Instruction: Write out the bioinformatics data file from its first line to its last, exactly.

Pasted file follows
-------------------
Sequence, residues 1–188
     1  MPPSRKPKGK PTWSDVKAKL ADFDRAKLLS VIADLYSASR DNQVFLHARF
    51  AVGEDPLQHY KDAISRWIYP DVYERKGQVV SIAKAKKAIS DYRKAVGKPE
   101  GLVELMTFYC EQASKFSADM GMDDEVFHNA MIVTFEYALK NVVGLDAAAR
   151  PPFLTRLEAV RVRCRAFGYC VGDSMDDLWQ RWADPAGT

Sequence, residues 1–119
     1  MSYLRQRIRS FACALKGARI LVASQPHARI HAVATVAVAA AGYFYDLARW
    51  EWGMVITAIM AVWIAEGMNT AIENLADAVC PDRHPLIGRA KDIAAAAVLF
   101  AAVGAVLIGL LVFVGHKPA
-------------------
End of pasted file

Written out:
Sequence, residues 1–188
     1  MPPSRKPKGK PTWSDVKAKL ADFDRAKLLS VIADLYSASR DNQVFLHARF
    51  AVGEDPLQHY KDAISRWIYP DVYERKGQVV SIAKAKKAIS DYRKAVGKPE
   101  GLVELMTFYC EQASKFSADM GMDDEVFHNA MIVTFEYALK NVVGLDAAAR
   151  PPFLTRLEAV RVRCRAFGYC VGDSMDDLWQ RWADPAGT

Sequence, residues 1–119
     1  MSYLRQRIRS FACALKGARI LVASQPHARI HAVATVAVAA AGYFYDLARW
    51  EWGMVITAIM AVWIAEGMNT AIENLADAVC PDRHPLIGRA KDIAAAAVLF
   101  AAVGAVLIGL LVFVGHKPA